Search - Zoetrope on DVD

Genres: Drama, Science Fiction & Fantasy
UR     2005     0hr 20min

ZOETROPE is a haunting and explosively surreal film set in an apocalyptic, decaying world. Based on Franz Kafkas In the Penal Colony, a man is imprisoned for an unnamed crime and tortured by a nameless sadistic bureaucrat...  more »


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Movie Details

Genres: Drama, Science Fiction & Fantasy
Sub-Genres: Drama, Science Fiction & Fantasy
Studio: Soleilmoon
Format: DVD - Black and White
DVD Release Date: 11/08/2005
Release Year: 2005
Run Time: 0hr 20min
Screens: Black and White
Number of Discs: 1
SwapaDVD Credits: 1
Total Copies: 0
Members Wishing: 2
MPAA Rating: Unrated
Languages: English

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Movie Reviews

I have seen the future of horror...
yorgos dalman | Holland, Europe | 05/14/2006
(5 out of 5 stars)

"Can you imagine a movie that combines the `human body manipulation' of Rammstein's video clip "Mein Teil", Judas Priest's strobocopic lightning in their video "Painkiller", the black and white approach of "Pi", together with the weirdness of "Eraserhead" and "Begotten", the hellish production design of Brad Andersson's "The machinist" and the cinematic fetishism of the twin brothers Quay ("Street of Crocodiles" and "Institute Benjamenta")?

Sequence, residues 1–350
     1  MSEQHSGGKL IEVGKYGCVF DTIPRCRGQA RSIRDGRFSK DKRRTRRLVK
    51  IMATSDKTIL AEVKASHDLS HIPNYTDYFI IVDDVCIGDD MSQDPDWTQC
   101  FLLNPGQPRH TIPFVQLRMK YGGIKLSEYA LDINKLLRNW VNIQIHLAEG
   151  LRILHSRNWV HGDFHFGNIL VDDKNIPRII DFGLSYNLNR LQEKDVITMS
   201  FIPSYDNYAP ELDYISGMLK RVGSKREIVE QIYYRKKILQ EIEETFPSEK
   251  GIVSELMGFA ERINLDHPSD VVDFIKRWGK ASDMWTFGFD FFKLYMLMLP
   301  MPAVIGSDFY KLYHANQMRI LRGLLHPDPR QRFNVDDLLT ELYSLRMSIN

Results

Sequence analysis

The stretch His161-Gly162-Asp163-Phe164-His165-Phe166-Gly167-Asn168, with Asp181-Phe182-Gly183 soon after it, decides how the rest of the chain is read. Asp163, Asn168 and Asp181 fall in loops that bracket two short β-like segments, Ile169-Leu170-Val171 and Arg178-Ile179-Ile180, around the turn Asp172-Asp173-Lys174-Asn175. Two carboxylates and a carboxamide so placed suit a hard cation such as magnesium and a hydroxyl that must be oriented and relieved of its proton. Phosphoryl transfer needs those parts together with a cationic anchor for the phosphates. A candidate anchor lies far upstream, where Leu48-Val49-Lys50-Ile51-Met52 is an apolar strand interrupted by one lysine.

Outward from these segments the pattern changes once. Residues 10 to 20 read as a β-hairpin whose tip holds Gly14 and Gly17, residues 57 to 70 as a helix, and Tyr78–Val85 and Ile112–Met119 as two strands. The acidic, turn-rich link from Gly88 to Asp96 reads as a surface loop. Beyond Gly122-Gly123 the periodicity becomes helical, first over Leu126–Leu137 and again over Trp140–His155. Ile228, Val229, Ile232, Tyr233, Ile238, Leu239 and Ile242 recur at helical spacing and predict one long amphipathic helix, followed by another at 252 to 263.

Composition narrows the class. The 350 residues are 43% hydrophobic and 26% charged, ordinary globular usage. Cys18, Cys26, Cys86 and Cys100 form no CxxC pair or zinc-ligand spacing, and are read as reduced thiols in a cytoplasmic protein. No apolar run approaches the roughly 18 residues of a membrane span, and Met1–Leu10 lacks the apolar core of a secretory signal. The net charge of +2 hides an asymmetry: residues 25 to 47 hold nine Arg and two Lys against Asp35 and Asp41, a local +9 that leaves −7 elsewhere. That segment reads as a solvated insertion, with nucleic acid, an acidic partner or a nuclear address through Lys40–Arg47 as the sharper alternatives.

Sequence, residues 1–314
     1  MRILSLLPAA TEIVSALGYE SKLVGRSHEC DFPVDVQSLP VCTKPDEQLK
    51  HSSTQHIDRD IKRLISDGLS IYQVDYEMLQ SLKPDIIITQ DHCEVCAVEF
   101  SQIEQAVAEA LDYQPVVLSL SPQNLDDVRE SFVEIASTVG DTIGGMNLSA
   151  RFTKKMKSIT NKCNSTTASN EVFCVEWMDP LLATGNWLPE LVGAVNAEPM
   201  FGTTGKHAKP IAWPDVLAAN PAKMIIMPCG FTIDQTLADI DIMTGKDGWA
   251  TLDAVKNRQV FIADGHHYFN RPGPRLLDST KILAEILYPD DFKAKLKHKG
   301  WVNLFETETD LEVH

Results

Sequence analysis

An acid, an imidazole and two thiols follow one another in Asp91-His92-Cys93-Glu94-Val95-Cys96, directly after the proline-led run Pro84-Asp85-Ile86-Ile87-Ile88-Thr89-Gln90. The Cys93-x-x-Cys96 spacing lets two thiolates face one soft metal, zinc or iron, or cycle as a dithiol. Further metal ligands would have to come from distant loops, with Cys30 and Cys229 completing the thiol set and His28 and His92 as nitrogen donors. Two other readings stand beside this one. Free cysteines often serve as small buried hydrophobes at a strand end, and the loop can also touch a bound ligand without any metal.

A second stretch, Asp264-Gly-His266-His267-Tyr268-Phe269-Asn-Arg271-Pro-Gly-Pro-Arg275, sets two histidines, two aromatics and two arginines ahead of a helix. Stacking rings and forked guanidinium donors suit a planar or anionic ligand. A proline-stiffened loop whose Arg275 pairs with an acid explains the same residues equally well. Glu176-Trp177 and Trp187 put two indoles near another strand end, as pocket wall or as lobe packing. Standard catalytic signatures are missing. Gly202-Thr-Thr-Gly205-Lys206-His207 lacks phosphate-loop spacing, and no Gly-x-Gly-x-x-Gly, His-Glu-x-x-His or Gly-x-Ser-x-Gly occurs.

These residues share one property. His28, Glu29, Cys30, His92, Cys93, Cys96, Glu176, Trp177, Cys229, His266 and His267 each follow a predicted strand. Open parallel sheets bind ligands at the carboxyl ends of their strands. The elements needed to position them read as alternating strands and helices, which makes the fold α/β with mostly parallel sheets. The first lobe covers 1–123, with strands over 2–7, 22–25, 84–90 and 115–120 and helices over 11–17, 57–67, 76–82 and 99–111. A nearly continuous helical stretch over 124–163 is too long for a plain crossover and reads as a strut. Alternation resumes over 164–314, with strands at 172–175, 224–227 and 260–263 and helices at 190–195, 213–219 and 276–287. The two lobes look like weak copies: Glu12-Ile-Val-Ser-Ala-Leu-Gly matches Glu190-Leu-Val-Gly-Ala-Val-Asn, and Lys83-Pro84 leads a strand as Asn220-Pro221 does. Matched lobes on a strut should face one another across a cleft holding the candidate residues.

Probably not. But, believe me, there is such a movie.
It's Charlie Deaux' 18 minute tour-the-force "Zoetrope", a deranged, mindblowing, futuristic adaptation of Franz Kafka's "In the penal colony".
After a surreal opening in which we are, seemingly trapped in a void, approached by an unidentified flying object, we witness the final wanderings of a trapped, naked man, who crawls around his cell, waiting for his death sentence to be carried out. Above him, in the `upper world' there is the man, in the uniform, expressionistically gesturing, articulating his words of doom, and operating all kinds of seemingly purposeless tools and machinery.

Meanwhile, the clock, of which we often see its inner structures, is ticking. Time collapses. Mindgames alter, but still sore. It's a nightmarish existence of which there is no escape, the claustrophobia of the machine-filled upper world being as immens and exhausting as the claustrophobia in the large, empty prison cell.

And, to make it even worse, all this is set to the music of Brian Williams' terrifying one-man-act Lustmord, who brought us such dark ambient albums as "Heresy", "The place where the black stars hang" and the Robert Rich-collaboration "Stalker".

The CD "Zoetrope" contains considerably more music, and in the hands of Lustmord, we can be thankful for that, allthough, just like the film, it isn't a journey one would care to make out of choise- more out of some deeply rooted necessity.